Pupils get a rare chance of a one-to-one with the Chinese leader
Chicago - Students and faculty members of Walter Payton College Preparatory High School on Friday had a chance to meet Chinese President Hu Jintao, who had worked with students and young people early in his career.
Andrew Chan asked Hu what were the differences and similarities between China and the United States.
Hu answered that although the countries have different social systems and are at different stages of economic development, the people are peace-loving and devoted to development.
The young people of both countries are also bright and in love with learning, he added
When Jarly Zeng asked why Hu chose to come to Walter Payton, Hu said he was drawn to the school because it prides itself as the cradle of "future leaders".
"But he also jokingly added that not everyone can become a leader," said Lu Wenya, a teacher in charge of Chinese and Japanese languages at the school.
There were also intimate moments. "President Hu asked me a lot of questions about my life and work here in Chicago," Lu said.
Lu, a graduate of Peking University, came to Chicago to teach 11 years ago after completing rigorous enrollment tests by the Chicago Public Schools (CPS) district.
The third-largest school district in the US, CPS supervises some 700 elementary and high schools. It introduced Chinese language into its world language programs in 1999. Lu and several other Chinese teachers joined the district to help develop and expand the Chinese program.
At first, only a few hundred students were learning Chinese. Now the number has grown to 12,000.
More students in the US are learning Chinese as a second language than anywhere else in the world. Some 100,000 Americans are learning Chinese at present, Xu Lin, head of Confucius Institute headquarters said, after Hu's visit.
"He thanked us for promoting Chinese language in Chicago, and we had the honor of having a picture taken with him," Lu said.
There were also lighter moments.
When Hu passed the members of the Sounds of Sweetness - the a capella choral ensemble that sang "Come and go with me" upon Hu's arrival - the Chinese president asked them what their blue Number 34 American football suits represented.
The suits represented Walter Payton, the students answered. Who is Walter Payton?
"We told him Walter Payton is our idol," 11th-grader Will Brennan-Arffmann told China Daily.
Walter Payton (1954-1999) was once the most famous American football running back.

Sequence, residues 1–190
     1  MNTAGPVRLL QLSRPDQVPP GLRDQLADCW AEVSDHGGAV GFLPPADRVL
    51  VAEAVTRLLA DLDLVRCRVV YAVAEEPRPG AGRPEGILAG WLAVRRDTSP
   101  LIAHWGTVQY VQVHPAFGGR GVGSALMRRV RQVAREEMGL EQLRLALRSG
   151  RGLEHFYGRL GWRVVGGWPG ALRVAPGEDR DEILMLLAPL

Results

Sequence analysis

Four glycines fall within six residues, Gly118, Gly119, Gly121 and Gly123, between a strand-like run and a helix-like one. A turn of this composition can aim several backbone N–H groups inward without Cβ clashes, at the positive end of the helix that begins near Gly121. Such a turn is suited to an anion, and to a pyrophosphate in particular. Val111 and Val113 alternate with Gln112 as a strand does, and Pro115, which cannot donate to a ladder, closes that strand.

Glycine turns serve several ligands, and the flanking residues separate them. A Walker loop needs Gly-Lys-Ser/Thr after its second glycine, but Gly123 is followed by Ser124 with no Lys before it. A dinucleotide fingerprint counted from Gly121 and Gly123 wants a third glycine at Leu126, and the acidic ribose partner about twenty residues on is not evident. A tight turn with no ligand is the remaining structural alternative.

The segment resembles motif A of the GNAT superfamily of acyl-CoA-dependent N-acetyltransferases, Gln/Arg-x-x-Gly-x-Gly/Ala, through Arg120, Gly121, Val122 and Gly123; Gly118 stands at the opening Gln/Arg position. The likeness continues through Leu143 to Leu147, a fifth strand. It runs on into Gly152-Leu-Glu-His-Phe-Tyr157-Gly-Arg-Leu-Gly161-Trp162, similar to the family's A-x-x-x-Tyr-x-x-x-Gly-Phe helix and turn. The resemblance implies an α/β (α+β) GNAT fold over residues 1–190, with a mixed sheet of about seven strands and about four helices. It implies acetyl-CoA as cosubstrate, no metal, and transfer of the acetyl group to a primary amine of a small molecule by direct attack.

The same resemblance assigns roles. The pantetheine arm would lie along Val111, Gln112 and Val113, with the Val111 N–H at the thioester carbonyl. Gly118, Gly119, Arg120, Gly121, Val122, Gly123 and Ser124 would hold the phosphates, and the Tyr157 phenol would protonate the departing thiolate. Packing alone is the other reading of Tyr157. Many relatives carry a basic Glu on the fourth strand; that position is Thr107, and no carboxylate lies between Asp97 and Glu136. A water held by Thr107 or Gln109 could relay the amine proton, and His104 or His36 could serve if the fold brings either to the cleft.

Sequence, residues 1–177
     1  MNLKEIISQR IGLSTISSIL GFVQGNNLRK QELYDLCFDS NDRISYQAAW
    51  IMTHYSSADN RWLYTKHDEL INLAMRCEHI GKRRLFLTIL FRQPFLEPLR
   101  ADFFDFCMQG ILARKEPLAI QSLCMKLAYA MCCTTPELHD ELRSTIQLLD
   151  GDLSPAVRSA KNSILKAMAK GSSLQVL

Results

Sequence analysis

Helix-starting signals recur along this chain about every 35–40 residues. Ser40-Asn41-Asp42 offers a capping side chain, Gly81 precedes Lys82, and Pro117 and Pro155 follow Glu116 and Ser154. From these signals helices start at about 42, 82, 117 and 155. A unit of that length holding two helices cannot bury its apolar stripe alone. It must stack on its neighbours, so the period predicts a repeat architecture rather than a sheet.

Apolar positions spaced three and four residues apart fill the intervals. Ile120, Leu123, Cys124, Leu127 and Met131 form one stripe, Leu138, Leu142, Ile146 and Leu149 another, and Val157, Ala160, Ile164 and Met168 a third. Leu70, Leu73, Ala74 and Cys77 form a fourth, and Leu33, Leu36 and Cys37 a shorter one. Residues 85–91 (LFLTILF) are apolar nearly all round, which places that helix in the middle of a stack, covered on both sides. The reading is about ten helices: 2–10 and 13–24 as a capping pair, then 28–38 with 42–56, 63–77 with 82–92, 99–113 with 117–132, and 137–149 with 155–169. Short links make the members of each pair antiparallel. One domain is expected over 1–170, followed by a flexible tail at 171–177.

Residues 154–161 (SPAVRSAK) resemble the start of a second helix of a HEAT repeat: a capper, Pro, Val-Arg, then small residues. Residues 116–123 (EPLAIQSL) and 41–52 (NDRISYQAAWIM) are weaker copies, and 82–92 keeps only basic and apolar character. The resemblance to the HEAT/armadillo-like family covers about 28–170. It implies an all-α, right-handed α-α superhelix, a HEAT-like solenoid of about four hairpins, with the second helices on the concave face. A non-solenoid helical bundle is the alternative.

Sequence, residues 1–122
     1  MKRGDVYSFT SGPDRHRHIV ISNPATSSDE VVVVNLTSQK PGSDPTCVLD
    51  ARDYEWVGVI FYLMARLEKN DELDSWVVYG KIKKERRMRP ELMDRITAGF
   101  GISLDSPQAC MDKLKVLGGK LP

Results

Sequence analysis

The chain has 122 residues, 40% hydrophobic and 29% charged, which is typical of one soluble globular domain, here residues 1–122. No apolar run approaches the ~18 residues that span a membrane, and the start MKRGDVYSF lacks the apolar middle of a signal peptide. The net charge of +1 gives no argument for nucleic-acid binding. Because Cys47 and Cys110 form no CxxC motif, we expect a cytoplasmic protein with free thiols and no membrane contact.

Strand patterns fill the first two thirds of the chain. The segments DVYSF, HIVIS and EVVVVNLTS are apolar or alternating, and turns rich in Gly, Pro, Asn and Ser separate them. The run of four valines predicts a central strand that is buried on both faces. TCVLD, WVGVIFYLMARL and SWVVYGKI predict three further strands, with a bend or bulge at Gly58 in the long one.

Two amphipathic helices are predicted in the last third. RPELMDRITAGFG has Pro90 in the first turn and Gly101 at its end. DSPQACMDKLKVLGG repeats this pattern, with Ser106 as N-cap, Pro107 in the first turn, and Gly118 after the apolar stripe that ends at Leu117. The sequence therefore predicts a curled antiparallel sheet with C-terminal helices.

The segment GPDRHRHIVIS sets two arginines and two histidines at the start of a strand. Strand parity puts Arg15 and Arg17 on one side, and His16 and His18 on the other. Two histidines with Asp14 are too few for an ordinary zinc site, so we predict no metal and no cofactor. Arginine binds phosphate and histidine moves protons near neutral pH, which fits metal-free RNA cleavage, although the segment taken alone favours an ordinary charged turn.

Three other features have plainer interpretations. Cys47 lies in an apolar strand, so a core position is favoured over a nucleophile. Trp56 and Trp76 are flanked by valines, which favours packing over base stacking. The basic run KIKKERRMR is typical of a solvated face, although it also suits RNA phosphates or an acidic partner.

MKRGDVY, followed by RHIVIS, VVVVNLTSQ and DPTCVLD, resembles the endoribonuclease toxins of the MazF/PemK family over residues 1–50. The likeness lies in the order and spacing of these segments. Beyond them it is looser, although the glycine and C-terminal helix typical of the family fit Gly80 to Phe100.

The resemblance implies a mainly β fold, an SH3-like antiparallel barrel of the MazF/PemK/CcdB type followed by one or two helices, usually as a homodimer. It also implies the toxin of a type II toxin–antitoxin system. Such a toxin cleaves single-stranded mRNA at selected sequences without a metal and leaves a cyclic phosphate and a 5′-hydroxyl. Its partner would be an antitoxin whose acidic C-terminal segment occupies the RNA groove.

"Then the Chinese president told us that we should try to become the next Walter Payton," he said.
Both at the Chinese language class and at the school auditorium, Hu told the students to value their time, enrich their knowledge and lay firm foundations for their future life.
"I completely agree with President Hu's remarks," Montana Fredrick, a junior who gave the presentation at the Chinese language class, told China Daily, adding that he "enjoy taking challenging courses and studying other languages to not only enrich my knowledge but to lay a solid foundation for becoming a leader in the global community."
At the Chinese language class, student Amanda Bonson presented Hu with a special Happy New Year card that the students created for the Chinese president.
In return, Hu gave Bonson a stuffed white rabbit, promising the rest of the class that they would also get a stuffed rabbit each, to commemorate the lunar Year of the Rabbit which arrives in less than two weeks.
Hu brought other gifts in return for his hosts' warm hospitality, including a collection of books and multimedia software.
He said the multimedia software would allow students to browse any topic about China at a click.
The most exciting gift that Hu left with the school is an invitation to 20 students and faculty members to visit China this summer.
"All our students are good, so it will be difficult to make the selection," Lu said.
The Chinese president's visit left a deep impression on the students and faculty members.
Mike Hermes, the school's assistant principal, said: "I love that he took the time to listen to the students and their programs."
"Hu seemed to be genuinely interested in what we had to say and offer," Fredrick said. "It is not everyday that a major world leader comes to visit your school because of the many accolades, and I was very glad that he was able to attend."
Terry Mazany, chief executive officer for the Chicago Public Schools district, said Hu's visit sets the future course of Chinese language teaching programs, emphasizing the fact that his school district is running the largest program for Chinese as a second language.
"We recognize that all of the Chicago children are part of the global community. They will be interacting with people around the world," Mazany said.